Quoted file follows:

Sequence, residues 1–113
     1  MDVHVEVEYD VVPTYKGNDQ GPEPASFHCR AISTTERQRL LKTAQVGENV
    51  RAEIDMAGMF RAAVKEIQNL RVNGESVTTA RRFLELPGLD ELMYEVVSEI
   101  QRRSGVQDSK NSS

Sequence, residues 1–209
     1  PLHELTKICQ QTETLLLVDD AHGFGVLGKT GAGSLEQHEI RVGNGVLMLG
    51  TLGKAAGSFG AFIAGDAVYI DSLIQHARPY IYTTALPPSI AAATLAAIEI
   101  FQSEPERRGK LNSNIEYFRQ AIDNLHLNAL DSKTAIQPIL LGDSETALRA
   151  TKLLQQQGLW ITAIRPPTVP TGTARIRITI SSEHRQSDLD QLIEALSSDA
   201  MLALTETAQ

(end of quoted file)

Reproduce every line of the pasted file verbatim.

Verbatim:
Sequence, residues 1–113
     1  MDVHVEVEYD VVPTYKGNDQ GPEPASFHCR AISTTERQRL LKTAQVGENV
    51  RAEIDMAGMF RAAVKEIQNL RVNGESVTTA RRFLELPGLD ELMYEVVSEI
   101  QRRSGVQDSK NSS

Sequence, residues 1–209
     1  PLHELTKICQ QTETLLLVDD AHGFGVLGKT GAGSLEQHEI RVGNGVLMLG
    51  TLGKAAGSFG AFIAGDAVYI DSLIQHARPY IYTTALPPSI AAATLAAIEI
   101  FQSEPERRGK LNSNIEYFRQ AIDNLHLNAL DSKTAIQPIL LGDSETALRA
   151  TKLLQQQGLW ITAIRPPTVP TGTARIRITI SSEHRQSDLD QLIEALSSDA
   201  MLALTETAQ